Beamish Museum is a great attraction and visitor numbers have built up over the years as they have increased the number of historic elements that have been rebuilt and/or refurbished.
The Durham Region, for all its natural beauty now, has a heritage of heavy Industry with Mining and Coal and Steel production. In the early days of coal production a small pit would be established and a community built around it with cottages being provided for the miners and their families by the Coal Pit owner. Many flourished and villages were created that eventually grew to a thousand dwellings housing around 2-2,500 inhabitants.
The mines were either deep or drift and access was by two completely different methods. Both are on display at Beamish to give you a feeling for the way of life, which was hard, dangerous and dirty work. There is a display of terraced colliery cottages that consist of a yard with two outhouses - one for coal and the other the toilet. You entered the house primarily immediately into the kitchen, where the first thing you saw was the fire range for heating and cooking. The oven was attached to the side of the fire for baking and roasting and the fire had various metal platforms for boiling. There were no fridges and so a larder was used to keep things cool and for ingredient storage. You went through the kitchen to the hallway and the 'best room' would be off there, where you took visitors, which was very rare. Going up the stairs you had 2 bedrooms with the main bedroom above the kitchen which was much warmer in winter.
A Group of Miners
This display gives you a flavour of life in those times, which I recognise from my youth. In addition they have created a schoolhouse of the times and built a complete 'front street' with a pub, Co-op retail shop, a dentists and a blacksmith and saddler just behind as well as a train station and office.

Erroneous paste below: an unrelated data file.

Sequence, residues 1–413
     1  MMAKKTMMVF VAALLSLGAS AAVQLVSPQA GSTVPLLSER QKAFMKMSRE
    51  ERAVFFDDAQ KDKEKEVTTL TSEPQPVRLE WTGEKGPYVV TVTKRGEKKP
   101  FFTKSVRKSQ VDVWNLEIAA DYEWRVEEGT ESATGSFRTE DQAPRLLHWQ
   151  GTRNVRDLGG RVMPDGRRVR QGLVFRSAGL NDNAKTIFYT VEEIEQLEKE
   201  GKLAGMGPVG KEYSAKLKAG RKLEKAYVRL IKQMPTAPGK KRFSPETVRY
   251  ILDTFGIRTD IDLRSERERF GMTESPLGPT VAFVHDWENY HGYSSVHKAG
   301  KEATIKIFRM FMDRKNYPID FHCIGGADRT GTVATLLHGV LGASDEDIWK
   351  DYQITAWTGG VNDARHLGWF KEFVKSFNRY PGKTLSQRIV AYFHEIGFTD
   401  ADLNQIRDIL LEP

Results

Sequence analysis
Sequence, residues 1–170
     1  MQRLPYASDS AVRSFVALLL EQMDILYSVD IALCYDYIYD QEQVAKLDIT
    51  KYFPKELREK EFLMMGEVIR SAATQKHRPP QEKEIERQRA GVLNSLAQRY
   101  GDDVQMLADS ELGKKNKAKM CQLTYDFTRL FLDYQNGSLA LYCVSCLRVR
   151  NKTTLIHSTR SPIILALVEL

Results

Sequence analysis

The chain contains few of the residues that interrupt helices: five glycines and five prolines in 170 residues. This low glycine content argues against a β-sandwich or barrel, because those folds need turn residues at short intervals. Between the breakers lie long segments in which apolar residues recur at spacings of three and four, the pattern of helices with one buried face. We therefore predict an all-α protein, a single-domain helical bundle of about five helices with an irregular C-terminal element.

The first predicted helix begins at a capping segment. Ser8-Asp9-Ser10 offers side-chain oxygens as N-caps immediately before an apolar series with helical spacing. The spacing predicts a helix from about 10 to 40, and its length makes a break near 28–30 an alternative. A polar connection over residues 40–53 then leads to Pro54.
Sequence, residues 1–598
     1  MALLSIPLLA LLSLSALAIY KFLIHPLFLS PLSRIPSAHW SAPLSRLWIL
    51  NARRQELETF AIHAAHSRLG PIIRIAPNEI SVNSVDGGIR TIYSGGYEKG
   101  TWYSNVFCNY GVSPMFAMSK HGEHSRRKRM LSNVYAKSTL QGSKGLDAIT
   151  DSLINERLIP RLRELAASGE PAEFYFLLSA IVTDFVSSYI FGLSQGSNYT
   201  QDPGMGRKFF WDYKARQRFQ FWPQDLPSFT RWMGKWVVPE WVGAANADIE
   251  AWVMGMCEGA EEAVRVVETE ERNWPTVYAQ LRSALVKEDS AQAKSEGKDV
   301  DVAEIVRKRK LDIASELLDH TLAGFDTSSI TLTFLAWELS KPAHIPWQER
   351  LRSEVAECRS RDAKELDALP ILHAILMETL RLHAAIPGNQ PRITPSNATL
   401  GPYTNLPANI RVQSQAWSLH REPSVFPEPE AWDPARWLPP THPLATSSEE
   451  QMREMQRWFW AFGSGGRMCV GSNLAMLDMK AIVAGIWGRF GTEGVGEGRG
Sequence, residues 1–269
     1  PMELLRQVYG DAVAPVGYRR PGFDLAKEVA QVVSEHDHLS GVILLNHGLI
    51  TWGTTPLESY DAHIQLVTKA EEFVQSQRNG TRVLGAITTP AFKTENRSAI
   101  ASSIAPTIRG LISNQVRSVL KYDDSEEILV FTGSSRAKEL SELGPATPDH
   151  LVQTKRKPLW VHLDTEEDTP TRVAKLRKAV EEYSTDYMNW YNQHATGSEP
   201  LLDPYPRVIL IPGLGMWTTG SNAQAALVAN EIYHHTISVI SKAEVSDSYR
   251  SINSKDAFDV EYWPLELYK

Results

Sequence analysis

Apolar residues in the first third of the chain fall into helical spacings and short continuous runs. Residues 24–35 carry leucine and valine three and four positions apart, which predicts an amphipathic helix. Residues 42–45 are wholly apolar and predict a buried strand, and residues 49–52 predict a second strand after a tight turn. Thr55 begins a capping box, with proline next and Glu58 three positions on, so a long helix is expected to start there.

Durham Miners Gala
They are in the middle of building a 1950's themed attractions to bring it up to 'modern times'.
There is quite a bit of walking but you can catch a touring bus, ride on the railway or just take the weight of your feet in the pub or the centres cafeteria.
Well over 500,000 people visit this attraction each year and it is the second most visited place behind Durham Cathedral at over 660,000.
We people of Durham feel very proud of these two outstanding visitor attractions but we are also blessed with the 3rd oldest University in England of Durham University, which was first set up as a seat of learning by the Monks in 1342. Only Oxford and Cambridge are older.
My own heritage is through 6 generations of miners on my Mother's side and 7 generations on my Father's side of our family. My cousins and I were the first to break from going 'down the pit'. However, I remember well that, as a miner, my Father would get 'free coal'.
This was usually dropped on the front drive and my job was to shovel it into the coal bunker at the back of our house and fill two large hessian bags to be transported to my Uncle Tommy draped over my bike to their colliery cottage at the other end of our village, which were described earlier. My reward was a glass of Fentiman's Botanically Brewed Ginger Beer in a stone flagon kept cool in the larder.
I nearly bought Fentiman's in 1990 but that is a different story.
Enjoy our rich Industrial Heritage - it is different.